For the better part of 135 years, the mouth of Hearrell Spring has fed millions of fish to the nation’s streams through the Neosho National Fish Hatchery. Established by an act of Congress in 1888, it’s the oldest federal hatchery in operation today and since that time has played a key role in fueling one of Missouri’s signature recreational industries as well as recovering endangered species.
“As fish hatcheries go, we’re unique in the respect that the vast majority are in the country, off the beaten path,” says Assistant Manager Nathan Eckert. “The local public views us a park, so we have tens of thousands of visitors every year.”
The hatchery’s close ties with Neosho stem from its location. The town, once a few miles away from the grounds during the 19th century, now surrounds them. Train tracks that once carried freshwater species by milk can and fish car still run past the buildings, but modern transportation methods have made way for specialized tanker trucks. The original feed preparation room now serves as a museum to the bygone era when Nathan’s predecessors would have worn woolen suits, even in summer. The water that supplies the hatchery still runs from Hearrell and three other area springs, but it no longer flows through wooden pipes wrapped in iron bands and tar. The federal hatchery system celebrated its 150th anniversary on June 10, and for much of that time, despite the changes, the mission at the Neosho facility has remained the same: Raising fish, which visitors can see and feed during a guided tour, to stock Missouri’s waters.
Chief among the hatchery’s residents are rainbow trout one day destined to swim the waters of Lake Taneycomo near Branson. Neosho contributes about 180,000 or roughly one-third of the 560,000 rainbows stocked in the lake every year with the Missouri Department of Conservation providing the remainder. The partnership has created an enduring lure for anglers hoping to catch the next record lunker. Blue Eye resident Bill Babler’s state record — a 40-pound, 6-ounce brown trout caught in 2019 — fell less than 2 pounds short of the all-tackle world record caught in New Zealand.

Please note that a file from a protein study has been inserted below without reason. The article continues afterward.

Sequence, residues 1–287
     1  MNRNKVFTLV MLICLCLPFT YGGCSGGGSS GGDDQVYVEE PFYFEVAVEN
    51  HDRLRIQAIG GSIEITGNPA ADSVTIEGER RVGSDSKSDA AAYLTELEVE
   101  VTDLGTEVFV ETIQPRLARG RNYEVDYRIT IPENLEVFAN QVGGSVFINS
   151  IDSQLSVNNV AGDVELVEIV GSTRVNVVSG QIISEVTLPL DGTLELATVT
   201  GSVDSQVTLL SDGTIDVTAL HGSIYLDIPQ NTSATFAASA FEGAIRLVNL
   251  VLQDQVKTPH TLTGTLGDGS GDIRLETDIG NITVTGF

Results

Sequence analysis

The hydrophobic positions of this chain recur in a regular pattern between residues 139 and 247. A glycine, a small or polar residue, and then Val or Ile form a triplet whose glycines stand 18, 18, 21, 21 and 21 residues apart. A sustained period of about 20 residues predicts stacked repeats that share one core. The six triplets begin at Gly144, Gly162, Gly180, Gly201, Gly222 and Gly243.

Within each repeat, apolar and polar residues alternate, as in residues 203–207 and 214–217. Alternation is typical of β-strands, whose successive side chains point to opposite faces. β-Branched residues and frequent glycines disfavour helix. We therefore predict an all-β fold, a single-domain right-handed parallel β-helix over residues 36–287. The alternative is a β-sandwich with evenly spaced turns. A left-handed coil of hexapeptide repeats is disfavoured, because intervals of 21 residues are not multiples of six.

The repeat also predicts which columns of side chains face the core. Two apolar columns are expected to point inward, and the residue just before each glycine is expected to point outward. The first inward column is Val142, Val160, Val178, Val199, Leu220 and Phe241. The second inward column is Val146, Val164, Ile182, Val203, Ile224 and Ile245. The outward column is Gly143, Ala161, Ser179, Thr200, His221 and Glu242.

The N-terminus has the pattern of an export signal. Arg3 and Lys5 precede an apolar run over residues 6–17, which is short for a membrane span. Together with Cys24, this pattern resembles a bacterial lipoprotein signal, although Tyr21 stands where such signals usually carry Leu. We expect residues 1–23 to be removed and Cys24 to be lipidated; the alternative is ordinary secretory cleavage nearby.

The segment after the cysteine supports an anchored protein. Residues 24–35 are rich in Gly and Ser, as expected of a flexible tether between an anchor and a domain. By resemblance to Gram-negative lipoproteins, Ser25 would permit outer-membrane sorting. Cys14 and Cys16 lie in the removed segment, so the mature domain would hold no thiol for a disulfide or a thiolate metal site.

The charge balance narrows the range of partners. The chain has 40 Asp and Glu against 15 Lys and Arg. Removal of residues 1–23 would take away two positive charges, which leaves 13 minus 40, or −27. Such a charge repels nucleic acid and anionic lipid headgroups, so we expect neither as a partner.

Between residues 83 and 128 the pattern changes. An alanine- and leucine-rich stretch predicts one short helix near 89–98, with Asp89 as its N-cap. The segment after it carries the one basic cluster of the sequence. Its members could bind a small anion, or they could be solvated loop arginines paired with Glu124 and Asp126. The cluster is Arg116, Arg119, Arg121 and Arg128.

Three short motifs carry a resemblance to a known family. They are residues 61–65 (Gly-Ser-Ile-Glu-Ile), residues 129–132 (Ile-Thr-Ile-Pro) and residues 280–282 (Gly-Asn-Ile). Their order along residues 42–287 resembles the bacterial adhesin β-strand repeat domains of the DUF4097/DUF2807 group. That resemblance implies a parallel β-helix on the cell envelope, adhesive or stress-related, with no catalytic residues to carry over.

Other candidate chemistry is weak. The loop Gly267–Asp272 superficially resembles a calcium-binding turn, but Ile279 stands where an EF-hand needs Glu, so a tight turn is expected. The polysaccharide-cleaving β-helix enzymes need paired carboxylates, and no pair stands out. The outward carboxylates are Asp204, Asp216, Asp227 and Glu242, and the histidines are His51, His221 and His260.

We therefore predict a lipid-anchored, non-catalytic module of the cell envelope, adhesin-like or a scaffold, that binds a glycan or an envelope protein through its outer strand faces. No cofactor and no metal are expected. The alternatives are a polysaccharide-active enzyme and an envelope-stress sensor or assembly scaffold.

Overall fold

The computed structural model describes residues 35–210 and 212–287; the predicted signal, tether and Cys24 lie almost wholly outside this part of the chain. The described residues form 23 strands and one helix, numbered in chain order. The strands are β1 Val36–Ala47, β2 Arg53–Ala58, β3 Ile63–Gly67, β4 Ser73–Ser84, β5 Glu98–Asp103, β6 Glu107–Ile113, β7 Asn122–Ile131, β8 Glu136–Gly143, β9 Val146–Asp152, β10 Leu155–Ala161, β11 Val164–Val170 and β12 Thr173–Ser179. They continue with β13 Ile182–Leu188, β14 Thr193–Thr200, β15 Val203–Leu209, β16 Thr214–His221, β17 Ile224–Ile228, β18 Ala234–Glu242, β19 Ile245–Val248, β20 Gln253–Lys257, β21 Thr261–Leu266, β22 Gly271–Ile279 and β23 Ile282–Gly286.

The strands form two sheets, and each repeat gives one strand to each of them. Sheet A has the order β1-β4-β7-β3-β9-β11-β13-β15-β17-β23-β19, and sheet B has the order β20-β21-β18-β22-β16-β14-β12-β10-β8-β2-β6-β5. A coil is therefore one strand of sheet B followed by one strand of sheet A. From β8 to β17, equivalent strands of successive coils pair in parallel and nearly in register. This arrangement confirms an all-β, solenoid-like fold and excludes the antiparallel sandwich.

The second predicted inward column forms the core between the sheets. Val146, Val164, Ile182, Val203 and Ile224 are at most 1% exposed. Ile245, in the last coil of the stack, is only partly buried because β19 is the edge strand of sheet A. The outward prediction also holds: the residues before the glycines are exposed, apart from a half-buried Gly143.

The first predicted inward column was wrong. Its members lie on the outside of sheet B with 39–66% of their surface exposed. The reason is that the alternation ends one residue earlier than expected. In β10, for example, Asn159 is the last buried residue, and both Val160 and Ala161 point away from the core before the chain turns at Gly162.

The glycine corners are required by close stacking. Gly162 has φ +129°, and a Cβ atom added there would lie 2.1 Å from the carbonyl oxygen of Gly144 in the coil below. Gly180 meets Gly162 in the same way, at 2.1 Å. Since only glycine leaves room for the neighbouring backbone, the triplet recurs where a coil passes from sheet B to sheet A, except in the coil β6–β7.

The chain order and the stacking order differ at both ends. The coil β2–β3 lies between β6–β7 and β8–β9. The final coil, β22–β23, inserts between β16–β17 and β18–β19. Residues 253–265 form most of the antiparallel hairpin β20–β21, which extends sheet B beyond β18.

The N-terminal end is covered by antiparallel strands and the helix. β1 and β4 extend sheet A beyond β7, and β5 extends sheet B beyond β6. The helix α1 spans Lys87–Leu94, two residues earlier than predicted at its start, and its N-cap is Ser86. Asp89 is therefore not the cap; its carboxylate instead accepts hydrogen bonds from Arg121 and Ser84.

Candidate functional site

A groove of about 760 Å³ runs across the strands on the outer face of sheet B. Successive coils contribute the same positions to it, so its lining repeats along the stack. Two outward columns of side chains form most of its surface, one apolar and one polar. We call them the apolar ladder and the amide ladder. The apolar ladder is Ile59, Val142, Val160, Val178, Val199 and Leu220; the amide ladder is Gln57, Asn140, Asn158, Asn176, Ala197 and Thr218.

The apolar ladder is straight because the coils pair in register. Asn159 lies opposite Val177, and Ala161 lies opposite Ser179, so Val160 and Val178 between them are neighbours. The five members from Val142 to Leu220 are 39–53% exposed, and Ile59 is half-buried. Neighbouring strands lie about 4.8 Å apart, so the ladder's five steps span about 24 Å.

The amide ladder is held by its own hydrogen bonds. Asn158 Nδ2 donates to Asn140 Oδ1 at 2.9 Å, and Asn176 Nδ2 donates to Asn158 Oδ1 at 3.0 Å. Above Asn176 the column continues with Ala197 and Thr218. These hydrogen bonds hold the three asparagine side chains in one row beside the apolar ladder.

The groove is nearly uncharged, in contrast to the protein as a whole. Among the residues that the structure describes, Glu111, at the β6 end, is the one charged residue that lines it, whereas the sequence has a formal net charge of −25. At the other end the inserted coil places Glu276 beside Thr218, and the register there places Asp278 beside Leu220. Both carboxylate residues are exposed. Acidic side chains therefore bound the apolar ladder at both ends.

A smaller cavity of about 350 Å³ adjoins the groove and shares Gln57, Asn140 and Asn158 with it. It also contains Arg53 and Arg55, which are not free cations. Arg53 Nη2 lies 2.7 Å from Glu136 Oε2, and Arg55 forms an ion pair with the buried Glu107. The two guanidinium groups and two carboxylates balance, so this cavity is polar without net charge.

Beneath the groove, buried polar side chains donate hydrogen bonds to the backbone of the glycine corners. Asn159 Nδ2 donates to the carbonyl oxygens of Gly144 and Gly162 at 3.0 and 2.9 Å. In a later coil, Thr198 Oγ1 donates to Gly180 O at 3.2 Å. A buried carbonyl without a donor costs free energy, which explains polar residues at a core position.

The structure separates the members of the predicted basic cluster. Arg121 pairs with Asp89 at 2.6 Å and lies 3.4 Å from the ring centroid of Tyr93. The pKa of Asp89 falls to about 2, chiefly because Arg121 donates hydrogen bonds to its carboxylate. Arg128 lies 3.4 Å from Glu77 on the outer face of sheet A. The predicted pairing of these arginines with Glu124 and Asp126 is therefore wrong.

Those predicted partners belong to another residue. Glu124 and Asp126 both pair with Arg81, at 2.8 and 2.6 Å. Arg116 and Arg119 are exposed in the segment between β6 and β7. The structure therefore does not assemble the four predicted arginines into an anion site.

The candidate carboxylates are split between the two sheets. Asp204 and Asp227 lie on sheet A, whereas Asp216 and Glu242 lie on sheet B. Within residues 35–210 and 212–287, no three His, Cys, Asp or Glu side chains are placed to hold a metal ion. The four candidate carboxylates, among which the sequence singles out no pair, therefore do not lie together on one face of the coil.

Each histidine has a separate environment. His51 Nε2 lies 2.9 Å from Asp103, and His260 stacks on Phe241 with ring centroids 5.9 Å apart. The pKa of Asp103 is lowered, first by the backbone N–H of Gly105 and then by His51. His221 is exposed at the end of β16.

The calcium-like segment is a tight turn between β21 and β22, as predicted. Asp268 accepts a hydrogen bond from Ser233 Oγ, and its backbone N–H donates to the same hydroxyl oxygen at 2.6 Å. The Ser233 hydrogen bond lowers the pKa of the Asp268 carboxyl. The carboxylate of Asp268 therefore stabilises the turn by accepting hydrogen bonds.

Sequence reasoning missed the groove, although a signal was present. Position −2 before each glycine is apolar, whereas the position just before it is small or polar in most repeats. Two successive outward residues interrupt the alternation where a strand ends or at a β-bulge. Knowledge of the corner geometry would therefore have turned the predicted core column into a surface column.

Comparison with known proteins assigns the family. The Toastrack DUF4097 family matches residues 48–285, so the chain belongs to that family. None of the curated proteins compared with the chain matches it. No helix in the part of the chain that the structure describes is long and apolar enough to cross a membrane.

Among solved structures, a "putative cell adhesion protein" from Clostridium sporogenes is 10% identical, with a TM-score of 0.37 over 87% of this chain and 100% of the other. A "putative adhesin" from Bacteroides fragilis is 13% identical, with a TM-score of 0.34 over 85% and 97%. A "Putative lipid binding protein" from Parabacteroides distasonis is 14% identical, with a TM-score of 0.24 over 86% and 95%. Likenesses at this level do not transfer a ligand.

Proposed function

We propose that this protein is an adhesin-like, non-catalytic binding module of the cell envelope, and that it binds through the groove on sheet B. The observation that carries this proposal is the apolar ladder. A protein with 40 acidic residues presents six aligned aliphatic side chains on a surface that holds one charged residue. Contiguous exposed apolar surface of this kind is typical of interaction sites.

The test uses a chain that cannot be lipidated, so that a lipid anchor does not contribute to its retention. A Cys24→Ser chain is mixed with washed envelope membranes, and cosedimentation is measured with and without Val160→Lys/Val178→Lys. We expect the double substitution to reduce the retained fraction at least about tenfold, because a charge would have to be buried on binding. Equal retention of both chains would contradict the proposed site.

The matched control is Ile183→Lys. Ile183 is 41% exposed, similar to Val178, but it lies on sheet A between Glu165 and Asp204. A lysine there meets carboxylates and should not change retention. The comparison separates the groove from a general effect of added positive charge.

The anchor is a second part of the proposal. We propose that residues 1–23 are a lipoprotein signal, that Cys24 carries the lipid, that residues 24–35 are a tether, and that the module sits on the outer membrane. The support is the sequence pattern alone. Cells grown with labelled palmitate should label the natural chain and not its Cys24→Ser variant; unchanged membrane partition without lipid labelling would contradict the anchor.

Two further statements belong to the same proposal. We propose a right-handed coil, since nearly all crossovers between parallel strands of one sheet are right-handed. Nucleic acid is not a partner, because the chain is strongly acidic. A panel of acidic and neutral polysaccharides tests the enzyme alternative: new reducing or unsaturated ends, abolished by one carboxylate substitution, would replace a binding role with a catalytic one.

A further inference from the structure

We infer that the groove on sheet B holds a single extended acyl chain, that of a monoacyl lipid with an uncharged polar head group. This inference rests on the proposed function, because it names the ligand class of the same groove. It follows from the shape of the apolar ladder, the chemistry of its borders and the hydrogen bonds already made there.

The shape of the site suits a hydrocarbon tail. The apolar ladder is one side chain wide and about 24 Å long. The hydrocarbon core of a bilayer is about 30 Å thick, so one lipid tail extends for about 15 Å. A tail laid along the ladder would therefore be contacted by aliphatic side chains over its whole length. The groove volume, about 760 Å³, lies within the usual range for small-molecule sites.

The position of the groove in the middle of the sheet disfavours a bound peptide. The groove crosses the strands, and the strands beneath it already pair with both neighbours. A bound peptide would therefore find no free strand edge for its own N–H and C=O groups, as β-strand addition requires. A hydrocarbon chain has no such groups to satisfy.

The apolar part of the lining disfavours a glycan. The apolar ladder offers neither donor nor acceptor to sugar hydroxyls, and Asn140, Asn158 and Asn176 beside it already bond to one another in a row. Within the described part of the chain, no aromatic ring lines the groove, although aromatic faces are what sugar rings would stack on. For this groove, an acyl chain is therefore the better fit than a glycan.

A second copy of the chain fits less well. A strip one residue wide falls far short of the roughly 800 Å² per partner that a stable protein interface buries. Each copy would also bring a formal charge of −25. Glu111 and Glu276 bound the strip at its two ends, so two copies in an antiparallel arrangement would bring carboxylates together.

The Neosho trout are raised to about 10 1/2 inches before they are released, growing at a rate of roughly 1 inch per month once the eggs hatch. Eggs are brought in five times per year spaced a few months apart so the restocking numbers coincide with the peak of fishing action on Taneycomo. The 18,000 to 20,000 trout stocked during the winter months ramps up to as much as 80,000 in the summer. Growing fish to the prescribed size is a constant numbers game of graduating food sizes and organizing the cubic feet of water required for thousands of rainbows.
“Ultimately, we’re a trout hotel, but I’ve already rented the hotel room out, so you’re here for an inch a month,” Nathan says. “If you don’t eat or get stressed out and don’t grow for two weeks, I don’t lose two weeks: I’ve lost the two weeks you weren’t growing plus the two weeks it takes to catch up.”
Hatcheries also raise federally endangered species and those which have difficulty repopulating in the wild. The Neosho hatchery assists with a multi-state effort geared toward improving numbers of the pallid sturgeon on the Missouri and Mississippi rivers, and is presently rearing lake sturgeon as well. Other species of note include the Topeka shiner, a native of prairie streams in Missouri, and the Neosho mucket. Roughly the size of a baked potato when fully grown, this freshwater mussel will spend two years growing to the size of a golf ball before being released in the wild roughly two hours in any direction from the hatchery.
“The Neosho River basin is largely what its range is,” Nathan adds, noting the hatchery also raises the fish — freshwater drum, flathead catfish, largemouth and smallmouth bass — that Neosho muckets and other mussels use as hosts to reproduce. “We’re very well positioned to be one of the major players in recovering that mussel.”